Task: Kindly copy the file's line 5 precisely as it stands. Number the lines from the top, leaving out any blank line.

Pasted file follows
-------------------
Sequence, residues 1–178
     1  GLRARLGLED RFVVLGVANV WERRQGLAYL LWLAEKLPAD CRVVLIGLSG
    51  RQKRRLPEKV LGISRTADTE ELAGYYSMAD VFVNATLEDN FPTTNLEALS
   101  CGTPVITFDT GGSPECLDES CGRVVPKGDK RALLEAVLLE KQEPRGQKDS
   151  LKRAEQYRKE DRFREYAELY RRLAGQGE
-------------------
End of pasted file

   151  LKRAEQYRKE DRFREYAELY RRLAGQGE